YES. From an environmental standpoint, it is "greener" on many levels. Not only does it promote habitat, it reduces the amount of storm water you are sending out into your creeks, streams and rivers (lawn absorbs less water than meadow or woodland); you are sequestering more carbon (so reducing the amount of carbon escaping up into the atmosphere and contributing to global warming) because there is more biomass, more leafy material, processing that carbon; you are using a mower less (and I learned the hard way that old-fashioned hand-pushed mowers do not work as well as powermowers, which contribute to greenhouse gases). If you are not maintaining a perfect lawn you are not raking or blowing (ditto about greenhouse gases on the blower) the leaves and bagging them and sending them away, but letting them mulch in - they disappear during the spring, as the plants leaf out and as the leaves decompose. From an aesthetic standpoint, having paths and meanders actually makes your landscape look bigger, and there is actually something to look at as you move through it. From an experiential standpoint, it just feels better - more crickets, more birds, more leaves moving in the breezes.


I loved this quote from you, which appeared in the story about your yard in the New York Times: "You have to allow a certain amount of mess to create a habitat," But "it also pushes a boundary that's very uncomfortable: the sloppiness and the ugliness, the awkward moments when things are cut" before "it starts to get its own shape." Why do you think it's a boundary for us/why does it make us uncomfortable?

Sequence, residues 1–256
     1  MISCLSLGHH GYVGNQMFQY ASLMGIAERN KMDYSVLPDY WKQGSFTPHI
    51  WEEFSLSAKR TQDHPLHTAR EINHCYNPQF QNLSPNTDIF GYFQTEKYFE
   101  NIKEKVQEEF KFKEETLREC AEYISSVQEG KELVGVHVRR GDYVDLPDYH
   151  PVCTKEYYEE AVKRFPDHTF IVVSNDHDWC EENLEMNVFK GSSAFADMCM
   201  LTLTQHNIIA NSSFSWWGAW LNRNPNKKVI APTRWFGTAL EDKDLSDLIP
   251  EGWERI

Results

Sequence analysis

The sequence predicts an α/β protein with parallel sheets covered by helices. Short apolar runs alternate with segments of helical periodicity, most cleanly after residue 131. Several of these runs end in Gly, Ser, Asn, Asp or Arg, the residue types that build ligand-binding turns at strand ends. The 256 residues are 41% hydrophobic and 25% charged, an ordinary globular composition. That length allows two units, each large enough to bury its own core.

We are transgressing a bunch of social norms. I would venture that for most Americans, keeping one's lawn cut is just one of the cardinal points of being a good neighbor and a good citizen. Then there are my own norms - I am a designer with rigorous design training, not to mention the natural control-freakiness of a designer, which is necessary and good in terms of quality. Having an out-of-control-seeming landscape half of which can flop over (pokeweed in particular) and fall apart from one day to the next is a little anxiety-producing. When you begin to manage the landscape as a woodland, and cut plants back hard, they can look stumpy and awkward for a while. The whole thing takes a strong stomach, but the rewards are immeasurable.

wild-gardenMargie Ruddick



I wish I had a [big] yard, because I was so inspired by your story. I would love to let things go and see what grows there, and nurture plants that are completely native to my area. I feel many readers feel the same way...what advice do you have for them on creating their own natural habitat yards?

I really want to stress the design aspect of this - it is a design assignment that should be taken as seriously as a Japanese garden. My place started to look acceptable when I began to place planters around and the flowering shrubs and perennials I planted at the edges and within the meadow/woodland really started to take off. If you don't know that much about plants or this process, hire someone. Hire a landscape architect! Or ask a friend to help you. It's a long row to hoe doing this alone, and not nearly as much fun.


Margie Ruddick is an internationally known, award-winning landscape designer. She is recognized for her environmental approach to urban landscape design. To see more of her work, visit margieruddick.com or follow her on Facebook and Twitter.